Lafayette Police to Issue Citations in Parking Lot for Loitering, Curfew Violations, and More

Karen Rosenberg and Lisi Burciaga, Online Feature Editor and Print Feature Editor

// Blueprint’s article revealing the Acalanes parking lot as a hub for loitering and underage drug and alcohol use during late night hours became the seed of gossip among local parents and the butt of many jokes for Acalanes students.

  Following the exposé about parking lot partying at Acalanes, released on Dec. 15 of last year, administrators and local law enforcement met on Feb. 1 and devised a course of action to diminish the school’s parking lot as the resident hang-out spot for student alcohol and drug use. The meeting resulted in an informal agreement to issue citations for those present in the parking lot past a designated curfew.

 While Acalanes Principal Travis Bell said that the article was not the sole source of motivation for this long-awaited call to action, it did seem to spark some much-needed movement towards a solution.



By Natalie Starczewski


  “I do feel like it galvanized some people into movement, like really doing some follow-up work on how we can get security cameras back out in that back lot and then Lafayette police reached out to do a sit down with me and talk about what would be helpful and how to support,” Bell said.

  The meeting consisted of Bell, Youth Services Officer Larry Seliga, and Chief of Police Eric Christensen.

  While a previous potential course of action included the installment of “no loitering” signs in the campus lot, the newly formed agreement between administrators and law enforcement eliminates a need for the signage, according to Bell.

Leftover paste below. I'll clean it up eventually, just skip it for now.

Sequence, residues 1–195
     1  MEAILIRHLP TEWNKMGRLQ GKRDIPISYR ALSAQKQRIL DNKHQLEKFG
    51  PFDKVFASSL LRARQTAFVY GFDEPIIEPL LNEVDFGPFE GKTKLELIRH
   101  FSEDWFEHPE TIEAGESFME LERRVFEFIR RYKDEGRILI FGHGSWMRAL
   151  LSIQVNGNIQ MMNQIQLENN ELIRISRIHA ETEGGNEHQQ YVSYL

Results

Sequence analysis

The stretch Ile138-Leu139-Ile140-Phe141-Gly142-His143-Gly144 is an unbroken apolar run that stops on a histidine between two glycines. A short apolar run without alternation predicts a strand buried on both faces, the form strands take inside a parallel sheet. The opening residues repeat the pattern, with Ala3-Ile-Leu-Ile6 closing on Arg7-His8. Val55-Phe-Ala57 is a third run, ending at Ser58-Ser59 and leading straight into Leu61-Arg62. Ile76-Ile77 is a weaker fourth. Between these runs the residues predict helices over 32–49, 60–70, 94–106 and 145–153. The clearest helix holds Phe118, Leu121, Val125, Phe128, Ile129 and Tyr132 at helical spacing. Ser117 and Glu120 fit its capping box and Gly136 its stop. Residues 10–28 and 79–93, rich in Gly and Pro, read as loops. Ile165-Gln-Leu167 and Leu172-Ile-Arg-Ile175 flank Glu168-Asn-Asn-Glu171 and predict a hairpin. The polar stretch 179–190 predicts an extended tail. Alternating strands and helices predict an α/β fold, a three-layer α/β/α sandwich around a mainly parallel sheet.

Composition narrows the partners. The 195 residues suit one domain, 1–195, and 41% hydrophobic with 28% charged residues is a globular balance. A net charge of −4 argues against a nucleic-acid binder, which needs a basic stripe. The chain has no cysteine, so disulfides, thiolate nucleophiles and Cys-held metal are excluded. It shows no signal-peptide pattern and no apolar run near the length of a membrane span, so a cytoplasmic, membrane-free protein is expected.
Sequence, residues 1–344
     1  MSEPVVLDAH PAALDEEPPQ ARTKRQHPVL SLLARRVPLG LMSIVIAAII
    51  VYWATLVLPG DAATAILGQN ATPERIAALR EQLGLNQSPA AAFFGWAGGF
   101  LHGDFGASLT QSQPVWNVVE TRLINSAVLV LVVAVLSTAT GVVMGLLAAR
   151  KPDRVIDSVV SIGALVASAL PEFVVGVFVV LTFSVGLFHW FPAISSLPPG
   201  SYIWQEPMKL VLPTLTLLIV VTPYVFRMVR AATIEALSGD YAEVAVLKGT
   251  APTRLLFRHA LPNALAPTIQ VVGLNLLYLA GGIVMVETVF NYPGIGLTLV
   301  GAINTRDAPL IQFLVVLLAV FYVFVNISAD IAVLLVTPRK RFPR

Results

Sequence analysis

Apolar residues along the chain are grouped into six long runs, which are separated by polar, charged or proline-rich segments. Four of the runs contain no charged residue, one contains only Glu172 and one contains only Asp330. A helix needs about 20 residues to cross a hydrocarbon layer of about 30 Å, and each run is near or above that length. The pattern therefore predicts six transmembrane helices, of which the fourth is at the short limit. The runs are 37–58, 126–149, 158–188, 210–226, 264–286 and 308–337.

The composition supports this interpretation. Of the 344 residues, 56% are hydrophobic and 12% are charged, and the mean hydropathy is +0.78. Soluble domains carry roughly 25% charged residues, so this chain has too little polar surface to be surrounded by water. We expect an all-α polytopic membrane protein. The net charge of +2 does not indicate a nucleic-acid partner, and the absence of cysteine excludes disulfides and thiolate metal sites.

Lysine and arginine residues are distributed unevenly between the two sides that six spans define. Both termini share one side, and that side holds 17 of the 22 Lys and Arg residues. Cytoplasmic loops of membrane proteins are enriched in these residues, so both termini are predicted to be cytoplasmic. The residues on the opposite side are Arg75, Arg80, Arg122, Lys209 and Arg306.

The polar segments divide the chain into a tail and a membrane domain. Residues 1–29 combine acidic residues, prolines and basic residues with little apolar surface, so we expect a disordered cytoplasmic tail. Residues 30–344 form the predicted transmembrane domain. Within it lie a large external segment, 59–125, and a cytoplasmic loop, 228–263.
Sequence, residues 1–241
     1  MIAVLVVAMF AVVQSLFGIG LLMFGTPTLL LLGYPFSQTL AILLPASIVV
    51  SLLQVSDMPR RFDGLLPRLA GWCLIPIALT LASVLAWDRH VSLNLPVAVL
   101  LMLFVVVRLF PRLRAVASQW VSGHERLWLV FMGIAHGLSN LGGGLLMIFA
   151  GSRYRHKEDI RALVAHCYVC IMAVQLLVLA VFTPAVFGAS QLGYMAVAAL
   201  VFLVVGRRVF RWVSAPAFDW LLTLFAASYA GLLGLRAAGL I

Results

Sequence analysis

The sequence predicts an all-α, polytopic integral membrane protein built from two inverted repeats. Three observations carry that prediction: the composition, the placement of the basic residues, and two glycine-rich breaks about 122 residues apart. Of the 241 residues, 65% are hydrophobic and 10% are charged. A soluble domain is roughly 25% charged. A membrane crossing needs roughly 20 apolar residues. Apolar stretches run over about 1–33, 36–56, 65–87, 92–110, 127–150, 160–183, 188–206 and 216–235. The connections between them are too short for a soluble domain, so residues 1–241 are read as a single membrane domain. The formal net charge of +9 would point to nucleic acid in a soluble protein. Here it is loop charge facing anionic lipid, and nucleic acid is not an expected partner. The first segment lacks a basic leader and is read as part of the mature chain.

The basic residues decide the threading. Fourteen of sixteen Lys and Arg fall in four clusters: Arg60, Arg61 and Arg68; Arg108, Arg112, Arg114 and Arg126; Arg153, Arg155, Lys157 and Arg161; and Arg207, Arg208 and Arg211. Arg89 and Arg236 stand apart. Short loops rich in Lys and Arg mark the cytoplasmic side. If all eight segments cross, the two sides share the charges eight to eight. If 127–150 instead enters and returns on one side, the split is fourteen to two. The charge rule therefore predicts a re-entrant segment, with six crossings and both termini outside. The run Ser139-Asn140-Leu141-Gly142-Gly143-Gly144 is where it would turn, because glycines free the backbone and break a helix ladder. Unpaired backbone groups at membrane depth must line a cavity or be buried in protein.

“I was under the impression that we needed those signs, but I think the police said as long as there’s an agreement between the school and Lafayette police that we don’t want people in our parking lot past 11 p.m., they can follow up on that on their own even without the signs,” Bell said.  

  With the release of the article, Bell he has yet to hear of a change in the status of the parking lot.

  “I think it’s remained pretty consistent. I don’t think it’s increased or died down. Although, I’ve just heard students talk about it more,” Bell said.

  Bell’s observations seem to be consistent with student reports.

  According to a student eyewitness, who spoke on condition of anonymity for fear of retaliation, the parking lot is still bustling with Acalanes students after hours. The witness said she saw two Acalanes seniors drinking in the lot, and dumping the packaging of their 24-pack Budweiser beer underneath their truck at approximately 9 p.m. on Friday, Feb. 2. While this was happening, a cop car drove through the lot, but continued onto the opposite side, seemingly unaware of the illegal actions taking place.

  With the Acalanes parking lot as the “place to be,” according to Bell, he will continue to be in contact with Seliga in regards to future matters related to the issue.

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